GMs that have 4/5 stars and often GM for different groups of players, DO have better perspective on some things.
going back to the PFS is too easy/hard. I'll take a 4/5 stars opinion more seriously in those threads, because they have SEEN more groups try and struggle/cakewalk through them.
6 fully optimized PCs that play together regularly cannot be challenged by the same combats that 6 pre-gens played by random strangers can defeat.
TLDR: A GM with more stars is more likely to have experience with a wider array of groups, which can lend strength to their arguments, but that shouldn't discount other peoples arguments.
|John Francis Venture-Captain, California—San Francisco Bay Area South & West aka JohnF|
There will always be situations where the high-star and/or venture officers get a rule wrong. Sometimes there will even be somebody else around who spots this.
A couple of days ago I was watching a game where almost everybody playing was a venture officer or a 4-star GM. A question came up at the table about a corner condition in the rules; nobody was 100% sure, but a ruling was made and play continued. I actually knew the correct answer (which wasn't the one they picked). Admittedly this was because I happened to have read the relevant FAQ entry earlier on that day. The ruling was from a couple of years ago, so this wasn't a grey area that had been resolved recently.
Would I generally still elect to play at a table judged by any of those guys than at one judged by a randomly-picked stranger? In the absence of any other information, sure. But that being said, I'm still hoping to get to play at a couple of tables judged by out-of-town 4+-star visitors in three weeks - Kublacon is almost on us!
|⦵⦵ Michael Costello Venture-Captain, Indiana—Lafayette aka Cactus-Jack|
As a GM with decades of GM experience in multiple RPG systems, a bunch of stars who travels to an average of 5 conventions of varying sizes each year and a VO I can freely admit that I don't always get the rules correct.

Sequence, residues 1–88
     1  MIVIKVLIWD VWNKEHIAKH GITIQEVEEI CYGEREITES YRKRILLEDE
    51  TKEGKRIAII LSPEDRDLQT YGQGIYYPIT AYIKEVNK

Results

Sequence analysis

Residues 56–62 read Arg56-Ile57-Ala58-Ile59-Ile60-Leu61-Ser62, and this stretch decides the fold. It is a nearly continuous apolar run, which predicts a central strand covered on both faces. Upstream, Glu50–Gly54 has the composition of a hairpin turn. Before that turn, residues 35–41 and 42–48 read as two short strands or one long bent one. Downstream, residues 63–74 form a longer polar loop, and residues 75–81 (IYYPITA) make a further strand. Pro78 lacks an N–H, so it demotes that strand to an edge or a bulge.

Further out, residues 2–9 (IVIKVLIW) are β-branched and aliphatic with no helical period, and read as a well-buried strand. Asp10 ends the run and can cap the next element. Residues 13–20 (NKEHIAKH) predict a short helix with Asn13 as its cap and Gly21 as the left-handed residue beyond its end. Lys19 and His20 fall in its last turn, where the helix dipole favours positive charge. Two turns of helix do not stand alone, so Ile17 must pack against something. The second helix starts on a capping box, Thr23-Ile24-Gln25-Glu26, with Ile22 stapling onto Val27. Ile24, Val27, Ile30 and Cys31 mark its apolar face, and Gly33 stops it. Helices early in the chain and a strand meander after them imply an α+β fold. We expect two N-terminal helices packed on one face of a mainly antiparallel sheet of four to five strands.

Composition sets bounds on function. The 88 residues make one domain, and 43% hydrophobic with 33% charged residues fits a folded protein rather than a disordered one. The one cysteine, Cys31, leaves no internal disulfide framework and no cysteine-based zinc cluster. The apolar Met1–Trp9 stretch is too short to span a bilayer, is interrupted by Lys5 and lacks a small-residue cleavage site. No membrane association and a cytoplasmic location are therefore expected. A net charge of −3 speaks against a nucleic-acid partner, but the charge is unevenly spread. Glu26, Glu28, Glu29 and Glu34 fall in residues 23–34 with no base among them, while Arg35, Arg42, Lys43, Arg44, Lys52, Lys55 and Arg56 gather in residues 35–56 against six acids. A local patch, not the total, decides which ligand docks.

There is a lot of rules in Pathfinder, more so with the PFS campaign guidelines. It is easy to overlook finer points of some of the obscure rules and even common rules that sometimes break logic a tad for game play.
I am regularly frustrated when I have to look up rules during a scenario, especially stuff that should be already ingrained. Last year at GenCon I got the penalties wrong for fighting while prone. Not sure how I overlooked that rule, but the players were more than willing to help me get it right. It still boggles me that I missed those penalties for quite some time, but it isn't something that arises too often.
Most of the time the players are very willing to help by looking up rules and siting a page number if I feel the need to read it myself (mostly for interpretation). I find that this helps keep the game civil and moving along.
In my opinion this is a very good thread and one thing to take away from it is that nobody's input should be discounted, period. It is important to work together civilly to find the correct answer. As JohnF mentioned anyone can overlook sections of the rules, especially ones on the FAQs. Stars and titles do not make us infallible.
In summary work together and don't be a troll. :)